Once you try this delicious steak sauce you’ll say goodbye to store bought versions forever.
In the US steak sauce is a moderately thick brown sauce sold in grocery stores. It is very salty, slightly sweet, and savory. The contents vary from producer to producer. A-1, the most popular brand in the US is made with tomato puree, vinegar, corn syrup, salt, raisin paste, crushed orange puree, spices and herbs, dried onion and garlic, caramel color, potassium sorbate (preservative) and xanthan gum (emulsifier).
The problem is, I just can’t bring myself to use the stuff on good steaks. But I do use it as an ingredient in barbecue sauces. For readers in Great Britain where apparently there is no “steak sauce” in bottles, HP sauce is a good substitute. According to Wikipedia it is made with malt vinegar, tomato, dates, tamarind extract, sweetener, and spices. Better still, make your own.
Brigit Binns was kind enough to share her recipe for homemade steak sauce that actually makes something good enough to put on a properly-cooked steak. It is far deeper, richer, more complex, and bright than A-1. Try it on burgers, meatloaf, and calves liver, too. Read more about Brigit below.
This steak sauce recipe comes from her wonderful book, The Cook & the Butcher, Juicy recipes butcher’s wisdom, and expert tips. Published by Williams-Sonoma, it is a compendium of her years of expertise with meats and the wisdom of the great butchers she has known. The photos are droolworthy. I highly recommend it.
Serve with: steak and a cabernet.
- 1/4 cup water
- 1 cup ketchup
- 1/4 cup dried porcini mushrooms
- 1/4 cup Worcestershire Sauce
- 1/4 cup fresh lemon juice
- 1/4 cup distilled white vinegar
- 3 tablespoons Thai or Vietnamese fish sauce
- 1 small white onions (or 1 large shallot)
- 1 clove garlic
- 3 tablespoons reduced sodium soy sauce
- 2 tablespoons firmly packed brown sugar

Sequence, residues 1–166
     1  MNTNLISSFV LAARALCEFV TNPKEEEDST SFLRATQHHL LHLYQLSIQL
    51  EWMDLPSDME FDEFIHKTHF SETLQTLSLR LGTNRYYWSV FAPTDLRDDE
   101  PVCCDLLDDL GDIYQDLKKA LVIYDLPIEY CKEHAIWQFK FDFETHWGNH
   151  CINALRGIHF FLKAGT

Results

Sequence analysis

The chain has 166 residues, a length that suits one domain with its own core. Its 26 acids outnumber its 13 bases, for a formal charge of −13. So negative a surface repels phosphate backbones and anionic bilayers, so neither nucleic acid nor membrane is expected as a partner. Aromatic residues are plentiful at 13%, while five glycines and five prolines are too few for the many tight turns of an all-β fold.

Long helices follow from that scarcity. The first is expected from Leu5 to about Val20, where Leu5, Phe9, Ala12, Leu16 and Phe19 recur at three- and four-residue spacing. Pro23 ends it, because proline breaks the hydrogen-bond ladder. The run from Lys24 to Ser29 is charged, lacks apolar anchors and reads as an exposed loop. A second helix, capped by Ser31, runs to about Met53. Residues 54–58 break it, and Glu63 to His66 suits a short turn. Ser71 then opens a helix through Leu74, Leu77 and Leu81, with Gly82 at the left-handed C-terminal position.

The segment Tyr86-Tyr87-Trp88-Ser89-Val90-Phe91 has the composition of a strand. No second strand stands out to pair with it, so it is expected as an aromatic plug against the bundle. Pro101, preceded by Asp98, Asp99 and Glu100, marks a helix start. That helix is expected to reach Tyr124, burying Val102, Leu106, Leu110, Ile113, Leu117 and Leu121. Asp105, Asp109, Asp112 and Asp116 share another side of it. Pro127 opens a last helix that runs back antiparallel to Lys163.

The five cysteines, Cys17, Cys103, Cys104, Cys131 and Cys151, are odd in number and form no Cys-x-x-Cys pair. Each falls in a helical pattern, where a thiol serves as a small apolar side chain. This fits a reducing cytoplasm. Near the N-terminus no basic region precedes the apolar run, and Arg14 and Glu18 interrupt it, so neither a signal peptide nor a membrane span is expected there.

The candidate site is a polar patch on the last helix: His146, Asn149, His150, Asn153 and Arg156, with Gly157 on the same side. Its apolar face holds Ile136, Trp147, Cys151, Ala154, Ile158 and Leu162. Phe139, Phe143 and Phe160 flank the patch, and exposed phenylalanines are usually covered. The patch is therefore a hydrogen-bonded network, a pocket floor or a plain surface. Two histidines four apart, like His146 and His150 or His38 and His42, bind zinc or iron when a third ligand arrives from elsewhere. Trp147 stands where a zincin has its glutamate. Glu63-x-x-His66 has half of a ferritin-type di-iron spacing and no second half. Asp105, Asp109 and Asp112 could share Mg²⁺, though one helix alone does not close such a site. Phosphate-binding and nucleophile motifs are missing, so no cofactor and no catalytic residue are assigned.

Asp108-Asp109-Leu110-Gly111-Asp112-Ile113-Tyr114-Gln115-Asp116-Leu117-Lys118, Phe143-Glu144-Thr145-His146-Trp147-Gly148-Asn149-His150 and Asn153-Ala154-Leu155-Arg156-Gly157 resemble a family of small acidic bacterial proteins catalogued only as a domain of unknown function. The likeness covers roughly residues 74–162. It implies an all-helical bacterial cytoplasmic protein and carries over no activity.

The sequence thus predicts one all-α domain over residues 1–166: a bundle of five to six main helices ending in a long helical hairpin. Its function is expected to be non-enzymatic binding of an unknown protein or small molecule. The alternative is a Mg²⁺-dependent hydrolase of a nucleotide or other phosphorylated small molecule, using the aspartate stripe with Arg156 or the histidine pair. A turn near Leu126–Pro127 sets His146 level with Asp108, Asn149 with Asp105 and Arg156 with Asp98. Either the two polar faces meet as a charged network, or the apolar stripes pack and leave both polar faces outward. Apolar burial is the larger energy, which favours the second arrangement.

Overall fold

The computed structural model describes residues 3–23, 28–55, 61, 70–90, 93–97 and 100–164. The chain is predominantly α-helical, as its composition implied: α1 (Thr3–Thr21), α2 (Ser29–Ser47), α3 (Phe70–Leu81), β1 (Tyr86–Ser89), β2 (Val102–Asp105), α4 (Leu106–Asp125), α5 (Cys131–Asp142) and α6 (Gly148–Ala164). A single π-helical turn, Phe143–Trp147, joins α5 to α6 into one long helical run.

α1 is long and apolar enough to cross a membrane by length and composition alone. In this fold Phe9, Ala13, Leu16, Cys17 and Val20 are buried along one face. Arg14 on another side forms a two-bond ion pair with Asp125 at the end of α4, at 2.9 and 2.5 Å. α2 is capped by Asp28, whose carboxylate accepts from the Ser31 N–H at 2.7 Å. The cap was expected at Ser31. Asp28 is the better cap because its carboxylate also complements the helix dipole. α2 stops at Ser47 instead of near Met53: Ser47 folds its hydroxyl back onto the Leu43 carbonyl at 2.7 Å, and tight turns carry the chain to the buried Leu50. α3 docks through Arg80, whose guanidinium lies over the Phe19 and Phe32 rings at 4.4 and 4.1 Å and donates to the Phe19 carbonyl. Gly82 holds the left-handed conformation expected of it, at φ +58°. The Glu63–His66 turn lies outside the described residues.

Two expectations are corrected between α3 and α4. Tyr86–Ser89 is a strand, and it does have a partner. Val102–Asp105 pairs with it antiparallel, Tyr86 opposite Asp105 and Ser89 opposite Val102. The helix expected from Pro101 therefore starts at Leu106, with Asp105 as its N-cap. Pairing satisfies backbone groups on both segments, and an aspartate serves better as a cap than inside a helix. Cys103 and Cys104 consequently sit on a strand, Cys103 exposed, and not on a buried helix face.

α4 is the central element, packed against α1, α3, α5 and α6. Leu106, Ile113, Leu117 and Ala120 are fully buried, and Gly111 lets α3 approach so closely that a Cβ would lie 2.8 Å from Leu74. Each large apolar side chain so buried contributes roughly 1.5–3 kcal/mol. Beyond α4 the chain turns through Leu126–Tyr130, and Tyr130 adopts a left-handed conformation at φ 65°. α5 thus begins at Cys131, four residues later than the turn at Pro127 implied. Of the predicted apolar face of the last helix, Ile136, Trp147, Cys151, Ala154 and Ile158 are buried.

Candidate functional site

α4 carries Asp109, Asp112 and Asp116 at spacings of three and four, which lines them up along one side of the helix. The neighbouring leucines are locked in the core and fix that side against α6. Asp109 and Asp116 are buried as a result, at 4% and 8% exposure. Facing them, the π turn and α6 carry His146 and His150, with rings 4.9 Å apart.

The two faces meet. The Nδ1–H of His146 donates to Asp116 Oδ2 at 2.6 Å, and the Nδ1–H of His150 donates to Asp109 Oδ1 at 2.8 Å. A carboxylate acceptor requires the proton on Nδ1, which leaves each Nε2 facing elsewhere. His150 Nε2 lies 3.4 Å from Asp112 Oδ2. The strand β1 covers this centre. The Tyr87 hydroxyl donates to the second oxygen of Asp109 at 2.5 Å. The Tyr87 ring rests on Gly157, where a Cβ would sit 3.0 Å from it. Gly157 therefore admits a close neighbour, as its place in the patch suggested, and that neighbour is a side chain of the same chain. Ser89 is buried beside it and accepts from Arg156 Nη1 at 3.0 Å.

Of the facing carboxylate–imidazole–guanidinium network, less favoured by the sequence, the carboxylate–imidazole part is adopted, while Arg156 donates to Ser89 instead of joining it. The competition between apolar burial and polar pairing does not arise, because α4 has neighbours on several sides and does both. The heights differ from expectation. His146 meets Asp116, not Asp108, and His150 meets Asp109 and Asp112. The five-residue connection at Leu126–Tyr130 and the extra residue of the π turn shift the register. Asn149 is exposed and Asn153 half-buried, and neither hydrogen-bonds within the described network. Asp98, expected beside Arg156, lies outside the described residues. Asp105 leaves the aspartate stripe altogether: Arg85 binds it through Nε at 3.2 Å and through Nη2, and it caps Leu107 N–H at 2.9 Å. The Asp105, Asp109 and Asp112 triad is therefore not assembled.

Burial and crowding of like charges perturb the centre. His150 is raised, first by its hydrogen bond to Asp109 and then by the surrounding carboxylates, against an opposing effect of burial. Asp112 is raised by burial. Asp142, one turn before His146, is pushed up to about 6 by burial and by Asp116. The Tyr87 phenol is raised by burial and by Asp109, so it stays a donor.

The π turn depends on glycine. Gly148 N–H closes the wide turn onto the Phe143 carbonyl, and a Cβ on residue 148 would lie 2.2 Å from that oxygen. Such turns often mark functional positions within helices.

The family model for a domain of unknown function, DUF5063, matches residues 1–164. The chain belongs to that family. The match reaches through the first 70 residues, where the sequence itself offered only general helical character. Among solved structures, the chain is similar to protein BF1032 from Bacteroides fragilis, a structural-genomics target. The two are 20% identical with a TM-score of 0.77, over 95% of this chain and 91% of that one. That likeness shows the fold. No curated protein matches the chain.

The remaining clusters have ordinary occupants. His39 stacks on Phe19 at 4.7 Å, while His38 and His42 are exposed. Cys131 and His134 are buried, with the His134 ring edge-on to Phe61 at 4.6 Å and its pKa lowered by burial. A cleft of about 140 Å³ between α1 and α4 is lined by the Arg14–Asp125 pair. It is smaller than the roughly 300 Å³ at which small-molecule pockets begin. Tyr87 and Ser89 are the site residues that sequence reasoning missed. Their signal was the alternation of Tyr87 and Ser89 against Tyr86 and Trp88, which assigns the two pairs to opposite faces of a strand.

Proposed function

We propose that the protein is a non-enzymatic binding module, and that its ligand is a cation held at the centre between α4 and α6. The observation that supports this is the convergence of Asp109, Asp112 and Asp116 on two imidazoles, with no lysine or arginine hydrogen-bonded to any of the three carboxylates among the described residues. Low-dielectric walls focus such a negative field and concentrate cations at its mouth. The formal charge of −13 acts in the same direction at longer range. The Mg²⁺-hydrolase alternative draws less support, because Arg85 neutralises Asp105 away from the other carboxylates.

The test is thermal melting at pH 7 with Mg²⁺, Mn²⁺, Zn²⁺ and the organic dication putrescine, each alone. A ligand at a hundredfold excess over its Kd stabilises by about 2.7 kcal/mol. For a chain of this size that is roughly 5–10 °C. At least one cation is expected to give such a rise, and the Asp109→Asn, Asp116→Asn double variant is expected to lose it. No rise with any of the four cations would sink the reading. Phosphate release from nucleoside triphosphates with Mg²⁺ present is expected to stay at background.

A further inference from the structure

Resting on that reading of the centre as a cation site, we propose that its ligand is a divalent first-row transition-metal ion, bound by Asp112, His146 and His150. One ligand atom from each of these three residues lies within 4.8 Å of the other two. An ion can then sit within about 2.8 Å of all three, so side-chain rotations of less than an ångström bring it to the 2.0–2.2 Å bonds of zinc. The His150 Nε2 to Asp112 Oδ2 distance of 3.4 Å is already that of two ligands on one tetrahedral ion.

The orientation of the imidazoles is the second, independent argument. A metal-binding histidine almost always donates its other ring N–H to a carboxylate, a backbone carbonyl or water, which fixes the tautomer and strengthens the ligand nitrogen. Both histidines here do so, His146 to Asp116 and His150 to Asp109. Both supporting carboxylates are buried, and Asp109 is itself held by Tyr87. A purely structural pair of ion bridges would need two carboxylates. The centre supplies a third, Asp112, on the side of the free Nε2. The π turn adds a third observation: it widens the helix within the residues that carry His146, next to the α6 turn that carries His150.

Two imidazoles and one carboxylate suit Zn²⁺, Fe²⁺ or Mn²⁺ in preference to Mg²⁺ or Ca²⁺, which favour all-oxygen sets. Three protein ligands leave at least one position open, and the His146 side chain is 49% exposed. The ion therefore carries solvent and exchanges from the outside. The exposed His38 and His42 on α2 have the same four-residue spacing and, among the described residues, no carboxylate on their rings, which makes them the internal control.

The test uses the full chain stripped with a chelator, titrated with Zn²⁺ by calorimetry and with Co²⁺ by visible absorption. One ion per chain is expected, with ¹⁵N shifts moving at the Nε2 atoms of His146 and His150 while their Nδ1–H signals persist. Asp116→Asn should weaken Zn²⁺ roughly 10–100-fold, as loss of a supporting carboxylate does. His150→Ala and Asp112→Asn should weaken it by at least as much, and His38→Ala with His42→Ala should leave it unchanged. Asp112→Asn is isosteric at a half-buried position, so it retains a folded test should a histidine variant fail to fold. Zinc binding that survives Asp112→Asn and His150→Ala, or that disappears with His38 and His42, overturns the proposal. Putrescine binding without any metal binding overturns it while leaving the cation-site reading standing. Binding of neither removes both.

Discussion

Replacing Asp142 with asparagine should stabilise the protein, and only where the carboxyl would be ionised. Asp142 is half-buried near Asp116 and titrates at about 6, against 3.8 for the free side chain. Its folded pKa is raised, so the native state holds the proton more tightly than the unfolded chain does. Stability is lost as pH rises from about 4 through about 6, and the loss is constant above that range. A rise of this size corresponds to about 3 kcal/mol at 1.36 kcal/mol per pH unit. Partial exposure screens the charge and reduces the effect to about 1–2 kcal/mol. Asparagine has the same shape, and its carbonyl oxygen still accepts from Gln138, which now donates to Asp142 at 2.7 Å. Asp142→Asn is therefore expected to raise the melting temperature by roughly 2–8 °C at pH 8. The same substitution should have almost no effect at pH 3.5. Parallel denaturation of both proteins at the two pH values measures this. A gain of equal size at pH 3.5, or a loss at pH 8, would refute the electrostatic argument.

- 1 tablespoon dry mustard
- Prep. Finely chop enough onion to create 1/2 cup. Mince the garlic.
- Cook. In a saucepan, whisk together all the ingredients, bring to a boil, reduce the heat, partially cover, and gently simmer until the sauce is thick, chunky, and very aromatic, about 45 minutes.
- In most recipes you soak dried mushrooms first, but much of their flavor is lost in the water (notice how it turns brown?). For this recipe, you do not need to soak the mushrooms first. They will soften and give up their flavor in the sauce while it simmers, and nothing will be lost in the soaking liquid.
- Pass it through a fine-mesh sieve to remove the solids.
- Serve. Chill then serve or refrigerate for up to 2 months.
About Brigit Binns
Brigit is my role model and my mentor. We met on Facebook when I was looking for a recipe tester and we got into a debate over who makes the best testers, professionals or amateurs. In the process we discovered how much we had in common (love of dogs and hot dogs among them).
One of the problems we both faced was isolation so we began taking our problems to each other for feedback, both culinary, commercial, and personal. We both work from home in our kitchens and back yards, and there is no such thing as walking down the hall to another office to bounce ideas off colleagues. So we became remote colleagues. We have met face to face only once, when she drove through Chicago on a cross country trip, and we went to Superdawg together and she stayed with my wife and me for a night.
Brigit has written more than 2 dozen cookbooks, many as the collaborator of famous chefs and many for Williams-Sonoma. In 2011 she collaborated with Ryan Farr, a classically trained chef, butcher, and butchery instructor on Whole Beast Butchery: The Complete Visual Guide to Beef, Lamb, and Pork by Ryan Farr with Brigit Binns. I use it often.
Binns lives in Paso Robles, in the heart of California’s wine country, and and I can’t wait until her book on Central Coast Wine Country Cooking is published, this time with her byline on top. Check out her website at BrigitBinns.com.